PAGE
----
Danse Macabre Productions consists of a trio of graduates of the University of York with a weakness for the horror genre. Their latest offering, Fear Itself, begins innocuously enough as Dr Amelia Greenwood (Natasha Dawson) takes to the stage to deliver a motivational self-help talk on the nature of fear. The talk is loosely based on Sir Francis Bacon’s famous line 'Nothing is terrible except fear itself' (subsequently remixed/plagiarised by Franklin D Roosevelt several hundred years later). It’s all in our imagination, right? Wrong. For a start there is Dan, Amelia’s now ex-husband, the lacklustre and inept lighting/sound technician for the show who still dogs Amelia due to an unfortunate contractual obligation. And then there is the past…
I’m glad I’m not walking home alone tonight.
The show starts out as an amusingly reflexive piece of badinage in which Amelia shares how she originally fell for Dan. She then demonstrates the extent to which fear is mind-made with the help of a willing member of the audience. But reminiscence soon becomes revelation, the show changes direction and rapidly spirals into something altogether more sinister, more unpleasant, and downright scary by way of urban myth memes in the vein of Cropsey. This is riveting storytelling, which is particularly successful due to the decision to rely entirely on performance and the considerable strength of the material, penned by Joseph Willis. Don’t expect gothic lighting, or special effects. Just a really, really creepy story.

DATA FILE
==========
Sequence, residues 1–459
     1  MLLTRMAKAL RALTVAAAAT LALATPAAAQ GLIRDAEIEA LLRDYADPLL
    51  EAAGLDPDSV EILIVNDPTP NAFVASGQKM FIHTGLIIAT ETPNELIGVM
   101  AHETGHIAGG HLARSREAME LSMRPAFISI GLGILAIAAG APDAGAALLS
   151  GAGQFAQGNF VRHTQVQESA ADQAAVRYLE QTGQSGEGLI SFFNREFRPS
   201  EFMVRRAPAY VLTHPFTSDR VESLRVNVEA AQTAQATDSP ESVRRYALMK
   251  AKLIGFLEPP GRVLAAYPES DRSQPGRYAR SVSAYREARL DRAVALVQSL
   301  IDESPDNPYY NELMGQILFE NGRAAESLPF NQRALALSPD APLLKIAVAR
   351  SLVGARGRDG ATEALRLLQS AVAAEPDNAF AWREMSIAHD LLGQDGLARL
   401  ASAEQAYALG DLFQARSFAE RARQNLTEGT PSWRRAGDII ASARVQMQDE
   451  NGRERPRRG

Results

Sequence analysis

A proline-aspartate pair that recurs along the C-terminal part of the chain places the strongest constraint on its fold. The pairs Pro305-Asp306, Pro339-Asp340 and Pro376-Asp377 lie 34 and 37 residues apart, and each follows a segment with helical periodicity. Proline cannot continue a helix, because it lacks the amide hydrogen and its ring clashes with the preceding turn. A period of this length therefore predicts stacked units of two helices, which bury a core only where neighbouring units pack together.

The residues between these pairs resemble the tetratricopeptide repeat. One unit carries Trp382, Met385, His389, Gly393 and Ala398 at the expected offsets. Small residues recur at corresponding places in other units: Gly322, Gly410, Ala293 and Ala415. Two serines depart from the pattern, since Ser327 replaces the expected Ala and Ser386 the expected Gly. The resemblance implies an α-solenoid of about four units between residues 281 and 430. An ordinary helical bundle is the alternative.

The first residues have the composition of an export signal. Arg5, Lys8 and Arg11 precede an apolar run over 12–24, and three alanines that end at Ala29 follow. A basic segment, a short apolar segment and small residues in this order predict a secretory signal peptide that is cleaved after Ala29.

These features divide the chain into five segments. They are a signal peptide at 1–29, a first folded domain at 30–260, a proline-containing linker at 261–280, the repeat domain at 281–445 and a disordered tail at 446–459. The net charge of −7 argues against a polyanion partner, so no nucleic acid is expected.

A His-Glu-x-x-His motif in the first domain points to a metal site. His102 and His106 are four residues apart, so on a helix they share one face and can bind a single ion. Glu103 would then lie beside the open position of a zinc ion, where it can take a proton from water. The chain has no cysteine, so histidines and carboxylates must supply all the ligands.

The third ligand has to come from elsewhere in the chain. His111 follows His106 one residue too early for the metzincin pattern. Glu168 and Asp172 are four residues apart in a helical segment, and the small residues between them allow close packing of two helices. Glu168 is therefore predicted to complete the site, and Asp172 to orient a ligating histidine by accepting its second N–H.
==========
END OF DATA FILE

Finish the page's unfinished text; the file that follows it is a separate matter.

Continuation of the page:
And just when you think you have a handle on what is going on, just when you think you have sorted fact from fantasy, the show goes down another rabbit hole. Without revealing spoilers I cannot say more than that the ending is bound to genuinely surprise and unnerve the spectator, both narratively and in terms of theatrical convention. As we were leaving the venue, one audience member tremulously murmured, 'I’m glad I’m not walking home alone tonight.' Yes, me too.